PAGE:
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How to Make Web Analytics Work for You

Make Web Analytics Work for You

In this article, we'll explain how you can make web analytics work for you, regardless of your type of business, and learn how analytics can help you track and measure what visitors are doing on your site, and use that information to help you achieve your business goals.

How you can make web analytics work for you

If you use it appropriately, web analytics can become the foundation for the online side of your business, because it can measure the performance of any type of online marketing you decide to do, from search to ad serving, social media to email.

At the same time, analytics measures the entire digital journey of a customer on your site, from the first visit until they become a regular customer.

This is great, isn't it? Let's take an example and suppose that you have a guest house or a “bed and breakfast hotel”, and one of your goals is to have a website through which visitors book their rooms on the Internet. Reservations are the source of profits for you.

Analytics can measure which reservations have been confirmed, and also gather important statistics on the factors that trigger or track that reservation, all along the customer's journey through your site.

So, what does that mean exactly? Let's review the customer journey before making a reservation. If you are looking for a guest house, say in Dubai, for a trip you will take three months from now.

The first thing you might do is search on the internet for a term like “guest house in Dubai”, which will bring you to the results page, and then spend some time clicking on the websites of some of the guest houses that have piqued your interest. research.

Then, when you enter a website, you may do a number of actions, such as review the daily rates, check the types of rooms available, browse some reviews or recommendations to get a better idea of the guest house, or you may even look at some pictures to get a feel of the nature of the place.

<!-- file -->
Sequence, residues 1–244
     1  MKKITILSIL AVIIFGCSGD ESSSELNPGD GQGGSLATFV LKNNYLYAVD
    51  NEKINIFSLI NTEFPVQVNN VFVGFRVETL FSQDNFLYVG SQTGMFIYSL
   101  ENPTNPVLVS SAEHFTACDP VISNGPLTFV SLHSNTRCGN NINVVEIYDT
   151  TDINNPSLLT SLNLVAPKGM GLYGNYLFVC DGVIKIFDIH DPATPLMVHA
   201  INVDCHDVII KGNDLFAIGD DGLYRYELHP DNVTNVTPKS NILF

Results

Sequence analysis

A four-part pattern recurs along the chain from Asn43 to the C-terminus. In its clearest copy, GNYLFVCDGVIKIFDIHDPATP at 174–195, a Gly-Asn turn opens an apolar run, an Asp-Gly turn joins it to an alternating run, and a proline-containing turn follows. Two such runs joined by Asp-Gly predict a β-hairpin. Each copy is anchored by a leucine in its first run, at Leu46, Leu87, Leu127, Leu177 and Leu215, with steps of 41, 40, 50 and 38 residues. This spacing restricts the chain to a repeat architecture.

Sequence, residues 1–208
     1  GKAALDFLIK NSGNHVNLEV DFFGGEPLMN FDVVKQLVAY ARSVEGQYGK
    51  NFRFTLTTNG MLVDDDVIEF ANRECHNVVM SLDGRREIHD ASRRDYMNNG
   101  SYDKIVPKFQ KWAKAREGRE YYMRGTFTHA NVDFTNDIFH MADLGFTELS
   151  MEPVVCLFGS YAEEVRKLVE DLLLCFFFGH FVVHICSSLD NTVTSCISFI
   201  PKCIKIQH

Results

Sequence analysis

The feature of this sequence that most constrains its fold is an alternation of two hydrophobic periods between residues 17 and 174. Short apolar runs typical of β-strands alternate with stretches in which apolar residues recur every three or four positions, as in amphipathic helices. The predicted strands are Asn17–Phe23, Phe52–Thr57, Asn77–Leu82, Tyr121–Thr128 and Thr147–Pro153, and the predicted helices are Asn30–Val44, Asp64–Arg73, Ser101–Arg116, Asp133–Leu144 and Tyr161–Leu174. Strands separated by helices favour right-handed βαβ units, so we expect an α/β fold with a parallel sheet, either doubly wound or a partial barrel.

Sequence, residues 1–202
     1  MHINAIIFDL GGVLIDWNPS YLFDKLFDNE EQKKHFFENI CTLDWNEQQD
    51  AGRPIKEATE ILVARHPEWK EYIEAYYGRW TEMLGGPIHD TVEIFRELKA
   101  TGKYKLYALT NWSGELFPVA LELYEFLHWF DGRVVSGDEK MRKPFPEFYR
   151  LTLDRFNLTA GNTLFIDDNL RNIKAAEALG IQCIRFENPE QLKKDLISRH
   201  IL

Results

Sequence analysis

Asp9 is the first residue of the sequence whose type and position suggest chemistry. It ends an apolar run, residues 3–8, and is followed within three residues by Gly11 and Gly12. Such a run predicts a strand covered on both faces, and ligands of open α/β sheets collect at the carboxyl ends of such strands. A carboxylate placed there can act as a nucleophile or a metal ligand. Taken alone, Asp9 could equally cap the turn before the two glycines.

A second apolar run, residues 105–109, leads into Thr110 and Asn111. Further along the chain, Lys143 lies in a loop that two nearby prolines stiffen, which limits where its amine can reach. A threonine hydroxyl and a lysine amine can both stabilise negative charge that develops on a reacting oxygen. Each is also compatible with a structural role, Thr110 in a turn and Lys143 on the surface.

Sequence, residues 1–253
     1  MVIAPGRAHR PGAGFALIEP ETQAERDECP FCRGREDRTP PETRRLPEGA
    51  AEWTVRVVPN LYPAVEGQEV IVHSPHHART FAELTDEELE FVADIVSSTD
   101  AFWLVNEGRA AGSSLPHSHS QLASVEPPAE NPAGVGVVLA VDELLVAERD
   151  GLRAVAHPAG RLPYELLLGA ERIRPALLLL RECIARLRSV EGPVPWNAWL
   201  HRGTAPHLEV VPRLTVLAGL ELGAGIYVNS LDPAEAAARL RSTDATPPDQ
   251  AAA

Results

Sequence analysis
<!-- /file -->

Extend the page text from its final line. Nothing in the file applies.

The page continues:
At this point, you're not yet ready to make a reservation, you're still searching, but you may put one of the homes you have found in your options, and you may even subscribe to his messages to receive his offers via e-mail to ensure you take advantage of any promotions.

But after two weeks, you get an email about a ten percent discount on the room you liked, and the offer includes the days you plan to travel.

At this point, you've already done a little research, but you haven't booked yet, and this email was just what you needed to make a reservation decision.

You clicked on the message, you went to the website and you made your reservation.

This is where the power of analytics lies, as they can help businesses gauge what's going on at every stage of the customer journey.

How analytics helps you track and measure what visitors are doing on your site

Do you want to know how people learn about your activity? Web analytics can tell you which search engines users are finding you through, and which pages they are directed to.

Then, it can tell you whether visitors interacted with your activity when they came to your website.

For example, did they browse the site and then subscribe so that they receive your messages about everything new on your site via e-mail? Or did they hit the back button in their browser and go to the next option?

Web analytics can also measure visitor conversions, or example, if they complete the goals you want to track, such as signing up for newsletters and booking, as in the previous example.

Another great thing that analytics can do is that they can tell us when visitors are back and when they become a frequent customer.

And when the web analytics are well set up, they can tell us if loyal customers start promoting you, for example, if they share your content with other users on social networks?

The best way to make analytics a powerful tool that helps you understand how people use your website, and thus improve it, is to set clear, specific, and measurable goals at each stage of the customer journey.


Use the information to help you achieve your business goals

Next, use analytics to measure your progress toward these goals, and identify barriers to achieving them.

For example, a guest house might have a goal of getting fifty reservations per month, using analytics.

You might discover that the reservation system is confusing people, so potential customers leave your site, and may make a reservation elsewhere.

It's certainly not good, but the information itself is good, as it identifies what needs fixing, and hopefully leads to the decision to put in some time and resources to make the booking process faster and easier, and that's the secret of progress, having data without taking action isn't going to help.

Well, we've got a lot to say about it, so let's cut it short! Analytics can become the foundation that measures and underpins all your online efforts, as well as helping you measure what's going on and understand the different stages of a customer's online journey, and bring out the good in it.

It also shows you what needs improvement, so set your goals, evaluate your progress, and then use your data to grow your business.

See: How Video Complements Your Online Strategy

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